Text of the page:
THINK BACK TO YOUR CHILDHOOD. Did you have a grandparent who played an important role in your life? Perhaps your grandmother read you stories or
taught you how to knit, or maybe your grandfather took you fishing or showed
you how to use a compass. In days gone by, grandparents were simply part of daily life for most American families. They often lived next door or just across town. They came to dinner on a regular basis, maybe even on vacation during the summer. They were appreciated and recognized for the wisdom they brought to the lives of their children and grandchildren
It all sounds simple enough, and reasonable enough, until you remember that every one of us is saddled with something called the human condition, and our all-too-human emotions—doubt, suffering, anger, fear—can get into the way of the joy that can be ours
Today’s society paints a very different picture. With retirement age creeping ever upward and families spread out across the country, the intergenerational connection is weakening in many places, to the detriment of society as a whole and families in particular. Some children hardly know their grandparents, or see them only once a year. Others have no connection to older adults at all, robbing them of the opportunity to bond with those who have so much to share, from family history and sage advice, to increasingly hard-to-find memories of our country and our world.
At the other end of the spectrum, there are signs that an increasing number of families are living in multigenerational homes, where grandparents have come to live—often due to health or economic reasons—long before little ones have left the nest. And while these families get the added benefit of cross-generational bonding, they also experience added stress on what has come to be known as the “sandwich generation,” those adults who are caring for children and parents at the same time. A recent study by the Pew Research Center shows that one in five adults, age 65 and older, now live in a multigenerational home. And the numbers keep growing.
“What the numbers don’t show is what a blessing it can be for younger generations to have a senior family member living with them,” says Bill Dodds, a writer who specializes in intergenerational issues.
In a series of interviews for OSV Newsweekly, Dodds shared the stories of three families who have experienced the joys of multigenerational living. One woman, Renee Haney from Louisiana, told Dodds that having her mother live with her family taught her three children lessons they never would have learned otherwise. “It was a wonderful experience for all of them. They learned compassion. They learned that, with family, you’re there for them… that in tough times you laugh and you hold onto your faith and God sees you through,” she said.
Although the idea of a multigenerational home sounds unusual to our modern and highly independent ears, it’s the norm for many others around the world. In Asian, African and Native American culture, elders hold a place of honor and respect and often move in with their children and grandchildren not out of hardship but out of love.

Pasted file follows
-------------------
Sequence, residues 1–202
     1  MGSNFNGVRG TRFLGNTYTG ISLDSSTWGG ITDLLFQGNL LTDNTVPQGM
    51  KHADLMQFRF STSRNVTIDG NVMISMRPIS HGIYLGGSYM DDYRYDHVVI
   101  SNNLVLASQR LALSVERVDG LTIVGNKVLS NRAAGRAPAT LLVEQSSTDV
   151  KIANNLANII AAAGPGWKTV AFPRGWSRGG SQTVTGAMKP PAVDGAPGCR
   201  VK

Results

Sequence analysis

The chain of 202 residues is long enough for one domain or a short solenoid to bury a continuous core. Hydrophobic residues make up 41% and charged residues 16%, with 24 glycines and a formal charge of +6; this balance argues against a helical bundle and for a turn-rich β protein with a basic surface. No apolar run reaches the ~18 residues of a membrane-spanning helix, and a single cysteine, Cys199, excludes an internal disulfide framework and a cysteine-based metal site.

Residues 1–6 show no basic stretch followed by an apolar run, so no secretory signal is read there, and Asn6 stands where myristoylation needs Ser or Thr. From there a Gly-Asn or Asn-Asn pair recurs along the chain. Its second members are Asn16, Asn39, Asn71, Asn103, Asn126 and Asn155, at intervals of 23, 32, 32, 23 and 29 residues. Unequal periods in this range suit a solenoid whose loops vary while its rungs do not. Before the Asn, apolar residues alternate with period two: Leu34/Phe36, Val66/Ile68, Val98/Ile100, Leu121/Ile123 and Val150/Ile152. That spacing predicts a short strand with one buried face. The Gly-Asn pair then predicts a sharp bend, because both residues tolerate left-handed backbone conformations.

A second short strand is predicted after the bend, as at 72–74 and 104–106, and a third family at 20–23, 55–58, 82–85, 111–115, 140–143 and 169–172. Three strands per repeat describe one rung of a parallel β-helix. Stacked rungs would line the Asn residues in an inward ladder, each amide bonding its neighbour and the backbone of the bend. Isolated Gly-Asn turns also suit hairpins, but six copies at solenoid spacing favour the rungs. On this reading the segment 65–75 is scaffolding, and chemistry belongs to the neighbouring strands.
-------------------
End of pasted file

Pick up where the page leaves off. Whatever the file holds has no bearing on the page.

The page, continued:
On Strength for Caring, a website for family caregivers, Justin Buchbinder writes about a Chinese- American family in Long Island, N.Y., where three generations happily live together. “Caregiving is a natural occurrence in Chinese culture. Parents move in with their children when their children get married. The parents help raise their children’s children, and when the parents themselves need care, their children are prepared to care for their parents until the end of life,” he writes. “Caregiving is not seen as a chore, or as a new role. It’s simply another step in the long, continuous life of a family.”
The daughter in that multigenerational home puts it simply: “Without our elders, would we even be here? No. We owe them our lives, and our respect for gifting us with those lives.”
“So with old age is wisdom, and with length of days understanding.” —Job 12:12
Multigenerational benefits go both ways, of course. For seniors living with children, quality of life often improves dramatically, as does the potential for better health and longer life. Older adults living by themselves face loneliness and isolation. They often have difficulty getting to doctor appointments or to the grocery store. Even making meals can become too much for them, resulting in weight loss and other eating-related problems.
Most people marvel when they hear that Helen, 99, still lives in her own apartment. Her independence at such an advanced age seems unthinkable to many, but there’s a secret to Helen’s success. She is surrounded by family members and friends who make her independent living possible. Her daughter does her grocery shopping and stocks her freezer and fridge with pre-made meals that require nothing but a few minutes in the microwave. Her son-in-law drops by once a day to bring her the mail and make sure she’s up and about. Her grandchildren and great-grandchild stop by and call, asking her about the “old days” and keeping her up to date on what’s going on in their lives. Younger residents in her senior complex encourage her to join them outside on the park bench when the weather is nice.